The relics of modern wars gone by are easily found in Israel. While stopping to look over the Sea of Galilee, I noticed signs indicating a nearby minefield. On our way towards the Golan Heights, we passed military installations and drove along even more minefields sectioned off by barbed wire. All of this pales in comparison to our night in Majdal Shams on the Syrian border where we could Syria from our bedroom window. Our awesome Airbnb host, Bahjat, mentioned he sometimes can hear sounds of fighting in Syria. That night, as Jacquelyn and I were trying to go to sleep we could hear pop-pop-pop-pop, boom… boom… boom… of gunfire and explosions. In the morning we said to Bahjat, “we heard some noises…” to which he quickly replied, “SEE!? I said you could hear!”. It was very odd to fall asleep to the sounds of war and Bahjat seemed eerily calm with a war raging nearby. Even touring around Jerusalem it was clear the area was prepared for the worst: the emergency siren sounded when we on a tour and we were herded out of the open towards the walls / cover. We found out a while later it was a test but it was still a surreal experience. We visited an observation deck to look over the Old City of Jerusalem and the man who sold us our tickets had a machine gun. I asked him if the reason why he needed a gun was because tourists get out of line and he just chuckled followed by a serious: “It’s for terrorists. Sounds like tourists but different.”. At least they have a sense of humor about their current environment?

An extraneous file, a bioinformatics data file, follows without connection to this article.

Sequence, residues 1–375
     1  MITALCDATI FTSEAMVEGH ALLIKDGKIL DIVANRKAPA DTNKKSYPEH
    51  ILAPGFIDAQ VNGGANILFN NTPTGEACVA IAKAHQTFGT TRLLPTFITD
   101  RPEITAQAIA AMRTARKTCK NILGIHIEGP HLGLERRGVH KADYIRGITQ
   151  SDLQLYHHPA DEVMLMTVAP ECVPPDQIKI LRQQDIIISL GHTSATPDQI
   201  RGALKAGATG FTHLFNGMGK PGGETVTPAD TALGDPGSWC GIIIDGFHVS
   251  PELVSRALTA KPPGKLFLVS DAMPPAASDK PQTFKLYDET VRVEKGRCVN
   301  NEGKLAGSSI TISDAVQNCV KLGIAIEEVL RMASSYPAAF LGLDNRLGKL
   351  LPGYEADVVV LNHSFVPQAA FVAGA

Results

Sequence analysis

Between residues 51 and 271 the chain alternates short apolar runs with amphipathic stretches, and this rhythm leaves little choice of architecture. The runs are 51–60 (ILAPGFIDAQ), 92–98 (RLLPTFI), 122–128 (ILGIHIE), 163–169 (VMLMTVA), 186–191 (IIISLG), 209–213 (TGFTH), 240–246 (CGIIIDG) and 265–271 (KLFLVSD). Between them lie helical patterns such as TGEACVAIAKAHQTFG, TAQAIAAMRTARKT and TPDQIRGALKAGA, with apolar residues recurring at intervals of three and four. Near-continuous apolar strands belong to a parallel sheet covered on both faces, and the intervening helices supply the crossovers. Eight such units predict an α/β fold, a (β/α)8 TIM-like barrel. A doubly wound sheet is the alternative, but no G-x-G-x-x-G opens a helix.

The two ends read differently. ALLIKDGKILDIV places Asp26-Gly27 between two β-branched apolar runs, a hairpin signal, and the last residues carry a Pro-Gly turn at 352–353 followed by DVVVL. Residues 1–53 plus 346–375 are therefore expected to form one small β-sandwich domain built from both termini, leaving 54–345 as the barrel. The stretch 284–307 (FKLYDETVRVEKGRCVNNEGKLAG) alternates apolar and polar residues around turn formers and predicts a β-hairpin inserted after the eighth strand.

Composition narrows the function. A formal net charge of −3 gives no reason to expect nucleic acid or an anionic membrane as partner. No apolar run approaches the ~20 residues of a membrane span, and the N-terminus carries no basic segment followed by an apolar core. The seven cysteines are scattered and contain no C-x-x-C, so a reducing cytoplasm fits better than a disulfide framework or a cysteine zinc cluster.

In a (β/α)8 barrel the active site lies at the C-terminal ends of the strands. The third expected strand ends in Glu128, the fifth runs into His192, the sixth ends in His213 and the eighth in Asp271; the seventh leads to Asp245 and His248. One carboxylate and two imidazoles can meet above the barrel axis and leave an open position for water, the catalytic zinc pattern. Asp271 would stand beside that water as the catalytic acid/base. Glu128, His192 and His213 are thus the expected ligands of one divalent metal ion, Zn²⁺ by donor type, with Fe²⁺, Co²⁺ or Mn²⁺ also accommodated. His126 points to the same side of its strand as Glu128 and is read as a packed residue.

Even though the people of Israel appear to be prepared for war at a moments notice they are still very friendly and welcoming. We seemed meet curious individuals and get dinner invites wherever we went. The best experience was when we were in Majdal Shams and learned all about the Druze and living in the Golan Heights. As Bahjat was showing us around we came across his friend at a family BBQ in a park and we were invited to join. It was a remarkable experience simply because we had no idea who Druze were before we arrived and we had no idea Majdal Shams was so interesting. We thought Majdal Shams was simply a place to sleep during our journey through the north of Israel only to get quite the education and meet lots of friendly people. The rest of our Airbnb hosts would bring us local food to try and always made sure we were happy; it was awesome!

Speaking of local food, there are no Starbucks, no Dunkin Donuts, and McDonalds has outrageously expensive hamburgers because the burgers have to be char grilled and kosher in order to be competitive. Both Starbucks and Dunkin Donuts tried selling in Israel but gave up when they found out that Israeli’s don’t much care for the taste of Starbucks coffee and generally only eat a special type of donut around Hanukah. We heard from multiple people how food they eat overseas, like apples, gyros, etc., are all garbage compared to what they can eat in Israel. Who knew Israeli’s were so particular about food and drinks!? Seriously, the food is awesome.

Really the only downsides were the costs and the heat. Things are expensive in Israel and it felt like the sun was constantly trying to make-out with us. That said, we really enjoyed Israel, there’s a lot to love. We’d definitely come back!

Enjoy the photos!

Chris W.

Athens Final 2015

Our time in Greece was really relaxing. We had grand plans to visit a lot of the countryside and go out to some of the islands but instead we ended up hanging out in Athens, enjoying the food, going to the ancient sights, and watching the protests.